In the context of work in Europe on retail payments, protecting users’ rights and enhancing the right to data privacy is vital when it comes to developing innovative payment solutions and strengthening users’ trust in them. This is especially true for the new payment services introduced in the context of the revised Payment Services Directive (PSD2). With the user’s consent, third-party providers of payment initiation services and account information services are able to access payment accounts. Banks and other market participants are currently dedicating considerable effort to the implementation of communication interfaces. The Euro Retail Payments Board (ERPB) – the high-level strategic body that brings together the supply and demand sides of the euro retail payments markets – recommends an easy, secure and, as far as possible, automated solution in the form of a standardised application programming interface (API). To ensure the successful implementation of such interfaces and to bring about their pan-European uptake and reach, the ECB believes that a harmonised and integrated approach is necessary.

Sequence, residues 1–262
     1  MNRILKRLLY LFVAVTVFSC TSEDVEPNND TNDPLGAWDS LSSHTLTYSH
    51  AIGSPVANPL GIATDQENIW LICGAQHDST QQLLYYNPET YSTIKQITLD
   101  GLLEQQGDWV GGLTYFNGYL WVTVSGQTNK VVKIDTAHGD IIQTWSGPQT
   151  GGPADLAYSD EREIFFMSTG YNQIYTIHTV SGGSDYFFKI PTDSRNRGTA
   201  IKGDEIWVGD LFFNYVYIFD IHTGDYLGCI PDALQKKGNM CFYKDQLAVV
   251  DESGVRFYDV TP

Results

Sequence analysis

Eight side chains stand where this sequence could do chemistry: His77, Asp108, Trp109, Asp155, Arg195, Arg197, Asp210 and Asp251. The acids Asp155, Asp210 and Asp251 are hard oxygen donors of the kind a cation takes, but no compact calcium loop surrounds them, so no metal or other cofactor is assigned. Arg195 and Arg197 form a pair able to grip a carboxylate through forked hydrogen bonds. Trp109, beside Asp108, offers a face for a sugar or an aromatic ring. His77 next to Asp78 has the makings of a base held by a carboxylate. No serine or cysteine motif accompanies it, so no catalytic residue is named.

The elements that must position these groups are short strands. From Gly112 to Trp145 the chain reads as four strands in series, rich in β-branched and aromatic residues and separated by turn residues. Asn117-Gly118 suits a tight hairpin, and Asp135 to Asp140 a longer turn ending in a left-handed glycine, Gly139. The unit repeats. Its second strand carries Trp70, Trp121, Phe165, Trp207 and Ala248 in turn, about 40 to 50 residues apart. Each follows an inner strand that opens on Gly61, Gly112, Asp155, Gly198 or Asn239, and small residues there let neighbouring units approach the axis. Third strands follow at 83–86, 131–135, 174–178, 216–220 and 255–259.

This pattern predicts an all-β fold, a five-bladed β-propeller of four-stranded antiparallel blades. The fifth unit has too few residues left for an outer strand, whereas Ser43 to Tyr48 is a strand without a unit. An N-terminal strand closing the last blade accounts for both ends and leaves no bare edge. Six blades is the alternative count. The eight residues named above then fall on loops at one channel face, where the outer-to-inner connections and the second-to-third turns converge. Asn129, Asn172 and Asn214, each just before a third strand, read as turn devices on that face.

Services based on access to a payment account have huge potential, for example where third-party providers offer competitive payment initiation services to merchants or aggregated account information to consumers. Demand for such services is growing worldwide, and several legislative and regulatory initiatives have been introduced to encourage competition and innovation in financial services. Indeed, PSD2 can be seen as a first step along the path towards “open banking”. This is an opportunity for EU market stakeholders to shape the work on open banking and to demonstrate that we are able to progress towards that objective – in a coordinated way, for the good of European citizens. Banks should not see third-party access to accounts as a threat. Instead, they can capitalise on their PSD2 investments in APIs and offer value-added services, for example by including in the API other accounts beyond the pure payment accounts covered by PSD2, by offering additional functionalities for payment initiation services, or even by extending the API to other services such as customer authentication. Such value-added services could then be fairly compensated. I believe that such an approach would be mutually beneficial for banks and third-party providers. For this reason, the ERPB set up a working group to explore the scope for an API access scheme in the Single Euro Payments Area (SEPA), as well as the legal and governance aspects of such a scheme. The group has now started delivering on its mandate. For the working group to be successful, banks should see the evolution towards open banking as an opportunity to renew their innovation strategy and client focus, in a changing global environment.